Affiliation: Division of Clinical Sciences, St. George's University of London, London SW17 0RE, UK.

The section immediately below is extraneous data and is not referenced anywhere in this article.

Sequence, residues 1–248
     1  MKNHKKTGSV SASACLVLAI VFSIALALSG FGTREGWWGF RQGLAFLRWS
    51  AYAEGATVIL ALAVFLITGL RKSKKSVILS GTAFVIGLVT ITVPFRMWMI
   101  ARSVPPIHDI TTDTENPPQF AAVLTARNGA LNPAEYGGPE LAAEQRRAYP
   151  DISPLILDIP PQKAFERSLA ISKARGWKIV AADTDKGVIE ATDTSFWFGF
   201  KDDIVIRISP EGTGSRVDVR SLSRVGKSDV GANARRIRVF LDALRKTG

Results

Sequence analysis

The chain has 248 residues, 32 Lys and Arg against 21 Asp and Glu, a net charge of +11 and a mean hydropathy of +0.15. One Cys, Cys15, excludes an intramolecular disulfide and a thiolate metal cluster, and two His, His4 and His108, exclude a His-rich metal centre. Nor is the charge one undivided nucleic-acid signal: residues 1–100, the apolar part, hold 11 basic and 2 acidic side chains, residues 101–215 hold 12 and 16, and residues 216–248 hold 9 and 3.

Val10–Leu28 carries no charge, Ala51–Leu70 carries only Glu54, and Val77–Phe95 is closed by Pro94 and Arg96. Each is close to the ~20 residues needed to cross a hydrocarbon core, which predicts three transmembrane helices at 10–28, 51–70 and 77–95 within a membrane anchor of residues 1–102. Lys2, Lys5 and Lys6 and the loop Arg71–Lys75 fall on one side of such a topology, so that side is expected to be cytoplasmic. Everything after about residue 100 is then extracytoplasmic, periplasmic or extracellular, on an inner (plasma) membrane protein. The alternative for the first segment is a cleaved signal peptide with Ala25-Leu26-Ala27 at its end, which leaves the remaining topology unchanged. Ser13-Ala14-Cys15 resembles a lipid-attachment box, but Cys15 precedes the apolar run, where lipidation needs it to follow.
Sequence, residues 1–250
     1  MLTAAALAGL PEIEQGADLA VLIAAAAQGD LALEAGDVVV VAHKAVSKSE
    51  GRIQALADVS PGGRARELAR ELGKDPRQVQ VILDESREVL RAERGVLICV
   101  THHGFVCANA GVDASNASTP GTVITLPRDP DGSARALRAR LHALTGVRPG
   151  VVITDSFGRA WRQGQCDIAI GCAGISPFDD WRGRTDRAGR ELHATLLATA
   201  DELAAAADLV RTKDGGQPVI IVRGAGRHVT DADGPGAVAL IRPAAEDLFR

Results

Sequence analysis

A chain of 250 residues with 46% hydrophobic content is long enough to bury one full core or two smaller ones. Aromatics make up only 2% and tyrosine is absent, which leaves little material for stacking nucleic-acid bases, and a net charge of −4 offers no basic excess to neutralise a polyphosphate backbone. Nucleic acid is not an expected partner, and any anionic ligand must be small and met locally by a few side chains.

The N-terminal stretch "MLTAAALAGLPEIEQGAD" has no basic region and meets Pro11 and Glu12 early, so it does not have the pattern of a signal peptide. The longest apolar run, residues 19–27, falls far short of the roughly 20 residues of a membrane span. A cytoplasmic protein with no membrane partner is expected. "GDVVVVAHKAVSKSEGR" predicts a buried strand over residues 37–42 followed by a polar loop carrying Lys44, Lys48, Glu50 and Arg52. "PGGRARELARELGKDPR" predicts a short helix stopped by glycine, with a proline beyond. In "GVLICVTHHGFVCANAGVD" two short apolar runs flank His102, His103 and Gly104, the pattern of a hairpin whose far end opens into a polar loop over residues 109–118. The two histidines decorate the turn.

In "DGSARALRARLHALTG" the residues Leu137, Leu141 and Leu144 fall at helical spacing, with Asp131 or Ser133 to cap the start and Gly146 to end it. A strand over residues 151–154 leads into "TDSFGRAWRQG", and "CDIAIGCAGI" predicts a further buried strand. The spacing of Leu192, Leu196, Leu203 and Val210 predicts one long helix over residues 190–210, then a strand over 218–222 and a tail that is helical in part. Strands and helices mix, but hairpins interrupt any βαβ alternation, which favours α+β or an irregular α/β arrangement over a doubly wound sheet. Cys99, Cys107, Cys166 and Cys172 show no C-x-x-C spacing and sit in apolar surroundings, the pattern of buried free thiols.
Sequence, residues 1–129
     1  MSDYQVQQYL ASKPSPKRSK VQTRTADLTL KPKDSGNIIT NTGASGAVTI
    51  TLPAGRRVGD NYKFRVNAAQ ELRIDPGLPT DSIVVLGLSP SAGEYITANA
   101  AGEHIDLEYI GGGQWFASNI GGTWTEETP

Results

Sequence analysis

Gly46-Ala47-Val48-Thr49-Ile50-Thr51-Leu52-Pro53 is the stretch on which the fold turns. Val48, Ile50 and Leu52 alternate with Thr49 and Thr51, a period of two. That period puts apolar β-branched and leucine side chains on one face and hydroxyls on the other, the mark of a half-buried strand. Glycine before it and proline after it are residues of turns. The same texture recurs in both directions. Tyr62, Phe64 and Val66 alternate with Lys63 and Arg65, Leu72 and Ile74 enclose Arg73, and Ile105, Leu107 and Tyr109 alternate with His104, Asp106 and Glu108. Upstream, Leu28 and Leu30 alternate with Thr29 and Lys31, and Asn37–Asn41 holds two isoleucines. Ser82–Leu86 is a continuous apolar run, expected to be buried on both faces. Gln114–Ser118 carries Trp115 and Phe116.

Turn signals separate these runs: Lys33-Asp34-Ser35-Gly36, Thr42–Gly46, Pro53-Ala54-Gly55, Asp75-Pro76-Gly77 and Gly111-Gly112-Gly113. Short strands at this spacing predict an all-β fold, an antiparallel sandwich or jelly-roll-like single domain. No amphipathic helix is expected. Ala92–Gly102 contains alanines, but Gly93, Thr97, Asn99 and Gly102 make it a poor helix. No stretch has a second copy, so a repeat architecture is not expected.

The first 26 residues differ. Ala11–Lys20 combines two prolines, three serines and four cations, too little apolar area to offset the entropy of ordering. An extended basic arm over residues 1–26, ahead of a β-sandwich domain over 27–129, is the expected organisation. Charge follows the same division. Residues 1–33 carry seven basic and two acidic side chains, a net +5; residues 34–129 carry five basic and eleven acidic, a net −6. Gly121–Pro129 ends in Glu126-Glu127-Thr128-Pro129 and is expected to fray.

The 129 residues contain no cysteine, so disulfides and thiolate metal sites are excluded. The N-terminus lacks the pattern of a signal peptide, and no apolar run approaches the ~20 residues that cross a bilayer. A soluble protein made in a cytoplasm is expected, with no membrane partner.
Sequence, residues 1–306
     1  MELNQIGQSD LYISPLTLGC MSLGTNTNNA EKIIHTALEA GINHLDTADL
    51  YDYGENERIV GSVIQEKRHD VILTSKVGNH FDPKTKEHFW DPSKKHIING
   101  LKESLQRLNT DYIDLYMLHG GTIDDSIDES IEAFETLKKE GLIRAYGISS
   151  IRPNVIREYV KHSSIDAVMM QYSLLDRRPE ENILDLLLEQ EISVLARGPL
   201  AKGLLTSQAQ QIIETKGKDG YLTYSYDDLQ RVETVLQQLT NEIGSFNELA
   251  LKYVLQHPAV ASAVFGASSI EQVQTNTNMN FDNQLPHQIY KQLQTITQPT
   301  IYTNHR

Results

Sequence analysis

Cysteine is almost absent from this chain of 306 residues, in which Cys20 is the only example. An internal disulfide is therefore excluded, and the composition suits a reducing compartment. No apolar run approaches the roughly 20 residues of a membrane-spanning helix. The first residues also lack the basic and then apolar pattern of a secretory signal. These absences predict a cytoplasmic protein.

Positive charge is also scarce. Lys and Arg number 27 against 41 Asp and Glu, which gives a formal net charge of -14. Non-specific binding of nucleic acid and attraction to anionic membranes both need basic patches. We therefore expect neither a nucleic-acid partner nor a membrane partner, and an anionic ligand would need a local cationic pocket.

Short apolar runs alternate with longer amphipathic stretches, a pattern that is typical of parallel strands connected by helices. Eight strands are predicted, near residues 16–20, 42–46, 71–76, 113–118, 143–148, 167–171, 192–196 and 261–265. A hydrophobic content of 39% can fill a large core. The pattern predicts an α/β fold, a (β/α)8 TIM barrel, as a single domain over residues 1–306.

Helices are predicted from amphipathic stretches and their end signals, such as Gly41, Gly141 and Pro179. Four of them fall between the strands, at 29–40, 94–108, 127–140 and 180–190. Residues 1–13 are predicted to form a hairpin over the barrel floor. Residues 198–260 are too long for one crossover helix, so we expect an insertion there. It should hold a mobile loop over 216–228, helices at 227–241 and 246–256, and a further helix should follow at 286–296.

Lupulone, a β-acid derived from hop extracts has been shown to exhibit cytotoxic activity against cancer cells. In this study we investigated the functional role of different modes of cell death that mediate anticancer effect of lupulone derivatives in prostate cancer cells. ELISA, immunoblotting and siRNA approaches were utilised to study cell death, expression of proteins of interest and their functional activities. We found that the anticancer effect of lupulone derivatives on prostate cancer cells is associated with induction of apoptosis and autophagy as determined by increases of DNA fragmentation and LC3I/ LC3II conversion respectively. Inhibition of apoptosis using a pan-caspase inhibitor resulted in increased levels of autophagy. Following screening of proteins associated with autophagy we found that Atg4β expression was increased in prostate cancer cells after treatment with lupulone. Transfection of cells with siRNA against Atg4β resulted in increased levels of apoptosis in prostate cancer cells. Treatment of prostate cancer cells with lupulone derivatives initiated two modes of cell death: apoptosis as a killing pathway and autophagy as a protection against cell death. Further studies are required to investigate the regulation of Atg4β activity in lupulone derivatives-induced negative crosstalk between apoptosis and autophagy.